At a time when the number of films directed by women has become a major issue in the anglophone world, it’s worth noting that in France things have moved on considerably. In a review of Mon Roi (2015) by the actor-director Maïwenn (Sight & Sound, July 2016), Ginette Vincendeau makes the point that currently over 25% of directors in France are female and that the major Paris film school Fémis now has gender parity in its student body. France offers the best opportunities for female filmmakers. However, Vincendeau goes on to point out that many of these female directors don’t necessarily share the expectations of feminist critics and audiences in terms of the films they decide to make – often auteurist works about individuals rather than social issues.
Lucie Borleteau (b. 1980) worked as an assistant to leading directors, including Claire Denis, before producing three ‘medium length’ films and then her début feature Fidelio – Alice’s Journey. She co-wrote the film with Clara Bourreau and drew on the expertise of her best friend who joined the Merchant Marine. The idea of a narrative about a woman on a large cargo vessel with a small group of men raises the possibility of a range of ‘gender issues’, but Borleteau’s work with the Greek actress Ariane Labed as Alice focuses on sexual desire and ideas about love and relationships as seen by a very self-assured and confident young woman.
Alice and her ‘journey’
Borleteau’s approach is signalled in this extract from an interview with her that is included in the film’s Press Notes:
“(Interviewer) . . . the reality of people and situations, the way Alice has to constantly navigate the everyday sexism that comes with existing in a world of men was so familiar. There’s no climactic moment of overcoming anything specifically, it’s just a lived experience.
(Lucie Borleteau) Absolutely, I did not want it to be as if it’s a fight. She’s not a young mechanic, she’s 30 years old, she has experience, and nobody can say she’s not qualified. But of course, you have sex photos all over the ship, in cabins, and when they go for a port-of-call party, there are girls and all that. But that’s from what my friend told me about. In every situations, sometimes there are harder examples of sexism, and sometimes it can be quite casual. It’s good also to make films that are close to real life today. To me, films with a big climax where the character overcomes sexism are now old-fashioned.
Alice makes a clear distinction between love and monogamy. But the film is nonjudgmental.
In Ariane Labed’s marvellous performance we see a woman who is at ease with who she is and what she wants to do. Part of that ease is expressed in her approach to lovers old and new. The film includes several scenes from Alice’s sex life, each of which is presented with an honesty and absence of coyness that fits the mood of the film.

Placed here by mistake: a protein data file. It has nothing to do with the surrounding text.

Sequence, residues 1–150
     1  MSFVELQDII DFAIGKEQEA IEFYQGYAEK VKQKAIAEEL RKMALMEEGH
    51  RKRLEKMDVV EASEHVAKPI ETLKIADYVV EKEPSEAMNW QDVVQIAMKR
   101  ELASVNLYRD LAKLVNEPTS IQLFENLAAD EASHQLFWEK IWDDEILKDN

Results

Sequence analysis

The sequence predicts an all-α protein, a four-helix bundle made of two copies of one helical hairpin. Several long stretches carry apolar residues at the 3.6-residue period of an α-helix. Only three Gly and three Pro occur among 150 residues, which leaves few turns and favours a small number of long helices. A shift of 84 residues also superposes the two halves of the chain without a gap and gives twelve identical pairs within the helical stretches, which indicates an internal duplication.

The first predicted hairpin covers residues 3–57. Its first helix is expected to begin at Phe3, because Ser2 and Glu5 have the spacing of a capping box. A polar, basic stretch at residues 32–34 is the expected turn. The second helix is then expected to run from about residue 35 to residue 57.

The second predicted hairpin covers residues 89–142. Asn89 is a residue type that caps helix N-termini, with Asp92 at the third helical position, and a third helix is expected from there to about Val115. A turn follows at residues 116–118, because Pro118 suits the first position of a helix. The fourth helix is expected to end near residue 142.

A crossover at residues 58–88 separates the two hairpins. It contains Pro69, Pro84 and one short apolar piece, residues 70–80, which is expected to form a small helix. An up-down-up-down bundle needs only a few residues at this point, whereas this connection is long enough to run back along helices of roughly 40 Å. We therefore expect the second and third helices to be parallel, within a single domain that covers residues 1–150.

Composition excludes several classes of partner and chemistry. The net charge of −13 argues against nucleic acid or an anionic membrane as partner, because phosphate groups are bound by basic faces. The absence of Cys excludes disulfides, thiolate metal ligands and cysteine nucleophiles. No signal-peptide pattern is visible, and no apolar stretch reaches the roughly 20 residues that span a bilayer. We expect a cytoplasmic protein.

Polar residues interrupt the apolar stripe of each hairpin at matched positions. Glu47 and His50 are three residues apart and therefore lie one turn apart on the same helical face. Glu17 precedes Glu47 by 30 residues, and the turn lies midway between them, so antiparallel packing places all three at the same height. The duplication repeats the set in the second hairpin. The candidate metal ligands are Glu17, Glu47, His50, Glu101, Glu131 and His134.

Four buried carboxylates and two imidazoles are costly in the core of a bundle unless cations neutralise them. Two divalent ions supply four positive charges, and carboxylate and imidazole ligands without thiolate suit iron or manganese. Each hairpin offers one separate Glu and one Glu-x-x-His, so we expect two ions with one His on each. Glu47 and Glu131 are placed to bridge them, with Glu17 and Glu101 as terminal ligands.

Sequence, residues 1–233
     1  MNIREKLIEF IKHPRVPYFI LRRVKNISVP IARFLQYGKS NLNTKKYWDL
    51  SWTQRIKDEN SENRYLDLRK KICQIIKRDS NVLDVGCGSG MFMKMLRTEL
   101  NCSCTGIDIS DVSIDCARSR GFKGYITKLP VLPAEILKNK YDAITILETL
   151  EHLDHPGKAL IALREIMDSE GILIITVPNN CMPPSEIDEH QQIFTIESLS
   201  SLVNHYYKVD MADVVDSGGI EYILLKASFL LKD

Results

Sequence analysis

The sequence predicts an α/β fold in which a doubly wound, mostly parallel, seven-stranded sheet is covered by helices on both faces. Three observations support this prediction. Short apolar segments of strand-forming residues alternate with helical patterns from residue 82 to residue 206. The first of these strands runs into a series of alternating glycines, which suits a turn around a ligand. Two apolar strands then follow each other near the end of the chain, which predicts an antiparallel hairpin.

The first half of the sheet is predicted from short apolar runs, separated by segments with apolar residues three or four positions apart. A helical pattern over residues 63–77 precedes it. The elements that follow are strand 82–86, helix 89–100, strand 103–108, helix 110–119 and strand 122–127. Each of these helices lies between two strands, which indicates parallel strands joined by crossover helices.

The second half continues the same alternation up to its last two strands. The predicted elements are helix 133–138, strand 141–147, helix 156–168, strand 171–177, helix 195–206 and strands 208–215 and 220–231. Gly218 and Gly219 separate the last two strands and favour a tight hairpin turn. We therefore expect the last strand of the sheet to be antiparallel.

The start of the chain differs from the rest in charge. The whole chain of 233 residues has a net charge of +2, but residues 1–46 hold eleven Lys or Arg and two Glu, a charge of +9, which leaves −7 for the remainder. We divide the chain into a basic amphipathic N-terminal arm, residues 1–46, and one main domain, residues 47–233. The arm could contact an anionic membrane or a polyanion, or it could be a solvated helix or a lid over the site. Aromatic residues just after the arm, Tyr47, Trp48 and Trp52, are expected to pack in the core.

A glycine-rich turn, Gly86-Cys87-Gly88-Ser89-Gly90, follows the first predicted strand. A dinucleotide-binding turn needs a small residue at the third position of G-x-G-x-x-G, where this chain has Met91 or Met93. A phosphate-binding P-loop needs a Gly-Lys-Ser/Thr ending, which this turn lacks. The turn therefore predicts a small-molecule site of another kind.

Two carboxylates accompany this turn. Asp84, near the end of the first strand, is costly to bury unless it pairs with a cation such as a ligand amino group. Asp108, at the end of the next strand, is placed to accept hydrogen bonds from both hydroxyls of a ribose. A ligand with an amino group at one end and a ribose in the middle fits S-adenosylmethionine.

What is Alice’s ‘journey’? The ship makes a journey which certainly has an end point. Its name is ‘Fidelio’ and this is reference to ‘fidelity’ is one of the symbolic elements in the film – as is the appearance of a poisonous snake in the bowels of the ship. In conventional terms the film’s narrative does not have the ‘closure’ of much of Hollywood. Alice doesn’t go on a ‘journey’ towards redemption or self-knowledge. Instead, the open-ending allows each of us to decide what happens next to Alice and the other characters. Audiences are likely to have different views on Alice’s behaviour and therefore on where she will go next.
When I discussed this film with an audience I was pleased to discover that most of them liked the film and agreed with the director’s statements. It struck me that in the film Alice gets to deliver dialogue that we might have heard before from male characters in a mainstream film about sexual encounters from a male point of view and this is one of the ways in which Lucie Borleteau makes a statement without being didactic. There is just one incident in which Alice is subject to a sexual assault and she deals with it in a way that seems perfectly reasonable but Borleteau shows that her actions have consequences. The narrative also gives us enough to question whether Alice’s overall approach to sex and personal relationships is as straightforward as she makes out – and as ‘pain free’. There is one scene in which Alice returns home to an extended family of sisters and this seemed like a whole new narrative strand could open up – perhaps another film?
Shipping and globalisation
It’s interesting to see a film about contemporary shipping. There are moments of almost documentary-like ‘procedure’ in the film, but mainly the globalised shipping world is represented through the ship’s crew and the communications with the (unseen) owners. Some scenes were shot on a ship sailing between Marseille and Tunisia. Interiors were mainly studio based. From a British perspective it is interesting to see the way aspects of French culture remain important on board ship and how all the ship’s officers are French even if the rest of the crew is multinational and English is often required for communication with Filipinos and other crew members. The British Merchant Marine seems to have virtually disappeared with ships registered under ‘flags of convenience’ and multinational crews. The only recent films I can recall seeing that feature merchant shipping have been French or Danish. Shipping in the globalised world is a cut-throat business and what happens to the Fidelio seems very real. I think Lucie Borleteau’s film offers us a great deal and should be more widely seen.
Fidelio is another gem from New Wave Films. Here is the trailer: